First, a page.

By Goh Puay Guan
SINGAPORE — No one wants to talk much about this year, except commiserate about lost opportunities and personal inconveniences. COVID-19 has made a large impact on the world. Looking back at 2020, here are five business trends that have changed, and may change our lives in future.
Disrupted, yet connected
In past recessions, some economies sank while other economies stood their ground. In 2020, however, most economies are expected to shrink. This shows the extent to which trade, supply chains, and travel have connected the world. Whilst recovery has started, it is uneven across different sectors and countries.
The pandemic has cut off some of these connections, but not totally. Global operations were still able to continue, albeit with some inherent inefficiencies. The use of videoconferencing for meetings and internet-based CCTVS to monitor operations meant that remote management was still possible. Leaders may see the merit of saving time and cost in reducing business travel.
More Internet of Things
The Internet of Things (IOT), which connects physical objects either directly or through sensors attached to them, has made its presence felt even more this year. Temperature sensors in public areas are now a common sight. With restricted clinic and hospital access, remote diagnostics and remote monitoring in healthcare become even more important. Technologies such facial recognition, kiosks, chatbots and contactless payments are used to minimise human contact and operating costs in hospitality and retail.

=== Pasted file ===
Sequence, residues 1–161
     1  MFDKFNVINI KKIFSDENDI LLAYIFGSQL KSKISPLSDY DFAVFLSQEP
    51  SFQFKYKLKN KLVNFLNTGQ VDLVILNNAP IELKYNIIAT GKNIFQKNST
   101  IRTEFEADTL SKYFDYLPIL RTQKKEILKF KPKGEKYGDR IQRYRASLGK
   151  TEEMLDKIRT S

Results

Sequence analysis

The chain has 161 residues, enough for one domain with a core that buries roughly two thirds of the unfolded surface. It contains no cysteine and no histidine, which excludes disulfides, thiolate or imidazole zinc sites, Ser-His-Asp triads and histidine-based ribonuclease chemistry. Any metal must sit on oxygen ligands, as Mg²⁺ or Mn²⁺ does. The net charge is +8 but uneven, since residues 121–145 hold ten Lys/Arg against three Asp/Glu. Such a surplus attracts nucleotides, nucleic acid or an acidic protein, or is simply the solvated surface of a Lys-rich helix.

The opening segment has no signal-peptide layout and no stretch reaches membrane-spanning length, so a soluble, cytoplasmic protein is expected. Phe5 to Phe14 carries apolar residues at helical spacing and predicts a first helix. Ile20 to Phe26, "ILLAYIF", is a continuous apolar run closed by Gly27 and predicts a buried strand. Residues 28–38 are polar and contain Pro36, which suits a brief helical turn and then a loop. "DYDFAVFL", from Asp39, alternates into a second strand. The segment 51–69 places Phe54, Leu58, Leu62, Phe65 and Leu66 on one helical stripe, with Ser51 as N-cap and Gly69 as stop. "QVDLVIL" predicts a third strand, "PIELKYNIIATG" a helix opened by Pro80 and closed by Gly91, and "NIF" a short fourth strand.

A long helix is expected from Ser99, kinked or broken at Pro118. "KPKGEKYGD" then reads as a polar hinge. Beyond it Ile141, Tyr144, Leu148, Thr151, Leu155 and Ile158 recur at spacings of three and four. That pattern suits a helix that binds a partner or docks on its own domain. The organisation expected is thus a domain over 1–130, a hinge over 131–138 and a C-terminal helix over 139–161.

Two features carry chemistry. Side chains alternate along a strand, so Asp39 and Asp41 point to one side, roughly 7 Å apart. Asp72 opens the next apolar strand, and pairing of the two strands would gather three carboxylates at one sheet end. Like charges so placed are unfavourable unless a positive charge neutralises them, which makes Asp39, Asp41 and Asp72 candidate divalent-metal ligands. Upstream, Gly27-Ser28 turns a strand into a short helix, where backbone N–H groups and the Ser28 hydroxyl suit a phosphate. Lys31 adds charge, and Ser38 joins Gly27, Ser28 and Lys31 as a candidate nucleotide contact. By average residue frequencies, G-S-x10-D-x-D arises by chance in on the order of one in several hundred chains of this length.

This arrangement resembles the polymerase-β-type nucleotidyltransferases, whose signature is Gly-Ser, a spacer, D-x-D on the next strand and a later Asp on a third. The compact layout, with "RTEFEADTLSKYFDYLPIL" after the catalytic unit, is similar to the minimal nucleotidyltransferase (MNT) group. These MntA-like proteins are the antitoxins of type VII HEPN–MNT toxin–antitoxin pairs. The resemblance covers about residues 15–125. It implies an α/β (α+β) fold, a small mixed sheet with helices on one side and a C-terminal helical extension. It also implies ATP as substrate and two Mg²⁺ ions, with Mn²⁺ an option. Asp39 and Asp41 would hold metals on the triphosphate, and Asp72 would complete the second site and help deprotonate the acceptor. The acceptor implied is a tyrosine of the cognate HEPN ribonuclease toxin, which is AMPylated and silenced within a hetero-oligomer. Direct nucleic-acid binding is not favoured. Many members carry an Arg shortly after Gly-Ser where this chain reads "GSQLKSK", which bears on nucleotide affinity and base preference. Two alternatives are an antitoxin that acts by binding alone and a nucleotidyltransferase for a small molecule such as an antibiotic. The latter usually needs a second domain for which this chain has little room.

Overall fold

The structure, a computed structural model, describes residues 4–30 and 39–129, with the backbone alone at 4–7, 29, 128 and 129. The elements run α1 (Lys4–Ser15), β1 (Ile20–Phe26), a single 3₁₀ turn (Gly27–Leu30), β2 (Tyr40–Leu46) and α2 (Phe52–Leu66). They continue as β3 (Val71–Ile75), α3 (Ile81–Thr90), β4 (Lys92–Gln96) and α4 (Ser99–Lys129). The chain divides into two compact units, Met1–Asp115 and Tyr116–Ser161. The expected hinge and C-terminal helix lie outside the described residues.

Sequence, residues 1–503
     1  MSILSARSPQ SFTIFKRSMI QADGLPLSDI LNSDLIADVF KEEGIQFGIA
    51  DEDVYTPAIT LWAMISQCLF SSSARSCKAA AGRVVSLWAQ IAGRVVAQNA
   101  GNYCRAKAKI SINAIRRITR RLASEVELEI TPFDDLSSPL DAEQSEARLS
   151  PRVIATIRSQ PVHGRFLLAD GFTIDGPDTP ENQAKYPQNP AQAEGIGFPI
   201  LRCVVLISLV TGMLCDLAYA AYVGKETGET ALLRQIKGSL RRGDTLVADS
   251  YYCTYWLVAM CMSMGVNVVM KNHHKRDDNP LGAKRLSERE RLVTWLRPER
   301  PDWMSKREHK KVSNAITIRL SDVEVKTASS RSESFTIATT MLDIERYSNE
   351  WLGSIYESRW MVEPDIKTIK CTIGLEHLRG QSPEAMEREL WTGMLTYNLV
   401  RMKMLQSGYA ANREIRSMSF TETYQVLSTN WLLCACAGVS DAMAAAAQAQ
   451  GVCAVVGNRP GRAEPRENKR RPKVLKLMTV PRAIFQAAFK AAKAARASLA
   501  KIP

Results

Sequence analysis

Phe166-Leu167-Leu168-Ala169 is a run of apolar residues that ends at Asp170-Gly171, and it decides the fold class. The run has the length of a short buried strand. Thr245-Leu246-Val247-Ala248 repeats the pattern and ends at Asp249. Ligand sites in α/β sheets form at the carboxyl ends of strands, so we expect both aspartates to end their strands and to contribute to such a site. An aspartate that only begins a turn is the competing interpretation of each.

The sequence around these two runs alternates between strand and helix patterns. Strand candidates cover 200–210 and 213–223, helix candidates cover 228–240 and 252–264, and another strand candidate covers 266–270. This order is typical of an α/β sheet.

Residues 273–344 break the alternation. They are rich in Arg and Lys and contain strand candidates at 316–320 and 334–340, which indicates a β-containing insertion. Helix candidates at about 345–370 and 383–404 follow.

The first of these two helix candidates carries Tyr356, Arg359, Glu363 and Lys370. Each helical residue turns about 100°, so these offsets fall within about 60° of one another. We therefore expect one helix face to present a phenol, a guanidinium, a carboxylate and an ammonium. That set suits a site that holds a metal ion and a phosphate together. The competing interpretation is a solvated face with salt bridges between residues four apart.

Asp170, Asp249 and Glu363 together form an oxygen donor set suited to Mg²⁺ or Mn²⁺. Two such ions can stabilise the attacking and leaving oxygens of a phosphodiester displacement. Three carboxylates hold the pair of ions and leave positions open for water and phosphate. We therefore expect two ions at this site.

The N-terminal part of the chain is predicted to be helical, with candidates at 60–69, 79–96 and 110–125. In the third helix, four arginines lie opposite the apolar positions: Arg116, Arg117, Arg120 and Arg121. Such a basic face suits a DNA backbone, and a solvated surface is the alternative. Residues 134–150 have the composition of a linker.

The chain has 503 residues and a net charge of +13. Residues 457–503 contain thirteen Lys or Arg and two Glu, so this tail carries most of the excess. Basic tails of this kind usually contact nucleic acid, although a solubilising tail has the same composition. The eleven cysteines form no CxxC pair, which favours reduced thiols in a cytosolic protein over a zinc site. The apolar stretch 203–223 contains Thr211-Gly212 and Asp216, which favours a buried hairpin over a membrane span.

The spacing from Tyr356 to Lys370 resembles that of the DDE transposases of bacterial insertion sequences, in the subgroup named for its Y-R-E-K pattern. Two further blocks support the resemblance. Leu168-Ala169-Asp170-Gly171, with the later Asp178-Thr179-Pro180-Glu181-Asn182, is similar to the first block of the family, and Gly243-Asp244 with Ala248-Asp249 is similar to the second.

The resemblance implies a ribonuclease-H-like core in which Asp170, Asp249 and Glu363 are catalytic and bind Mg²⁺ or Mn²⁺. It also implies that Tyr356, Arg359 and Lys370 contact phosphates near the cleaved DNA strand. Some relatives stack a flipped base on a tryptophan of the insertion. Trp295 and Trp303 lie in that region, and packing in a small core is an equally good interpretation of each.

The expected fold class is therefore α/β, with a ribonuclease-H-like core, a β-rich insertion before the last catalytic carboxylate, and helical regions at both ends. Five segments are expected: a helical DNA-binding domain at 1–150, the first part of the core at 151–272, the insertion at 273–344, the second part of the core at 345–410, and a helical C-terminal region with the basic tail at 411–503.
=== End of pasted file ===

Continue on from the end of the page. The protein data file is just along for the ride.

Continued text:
Changes in consumer and work behaviour
With global lockdowns, many people are working from home. Hybrid work arrangements between home and office are likely to be implemented even in the future. When people stay home, e-commerce grew while traditional retail stores took a plunge. Robinsons in Singapore became the face of yet another heritage brand that could not survive the times and crisis.
There could be peripheral effects on the business ecosystem. In the United States, it is expected that the effects of work-from-home and online shopping will reduce the incentive to own cars.
More focus on supply chain resiliency
Supply chain resiliency has become a buzzword, as companies seek to ensure that their operations continue uninterrupted. These include diversification of sourcing, ensuring sufficient inventory, and looking into alternative manufacturing locations, including nearshoring and onshoring.
Governments seek to ensure access to critical supplies of food, medicine, medical equipment, and energy. In the area of food security, new technologies such as vertical farming, urban farming, meat alternatives and lab grown food are expected to shorten the food supply chain and reduce food wastage. Alternative meat producer Beyond Meat saw a huge surge in its share price this year on the expectation of high demand. Singapore has become the first in the world to approve lab grown meat for consumer consumption.
Creative use of physical assets
Various businesses have tried to find ways to improve their utilisation of space when demand is reduced. Hotels open up their rooms and lobbies as workplaces, or offer “daycations” where guests can use their facilities for the day. In Europe, airports have used their tarmacs as open air movie theatres or terminals as concert halls. Airlines such as Singapore Airlines opened up their airplanes for in-flight dining experiences. Nightclub Zouk turned its dance floor into a spin studio by day and cinema by night.
Retail stores have converted their operations to “dark stores” and “urban warehouses”, using their stores as fulfilment centres to e-commerce customers in the city.
As the saying goes, necessity is the mother of invention. Businesses and societies have learnt to adjust. It remains to be seen how these trends turn out as we enter the coming year and decade.
Goh Puay Guan is an associate professor in the Analytics & Operations Department at the National University of Singapore (NUS) Business School. He is also the Academic Director of the NUS MSc in Industry 4.0 programme. The opinions expressed are those of the writer and do not represent the views and opinions of NUS.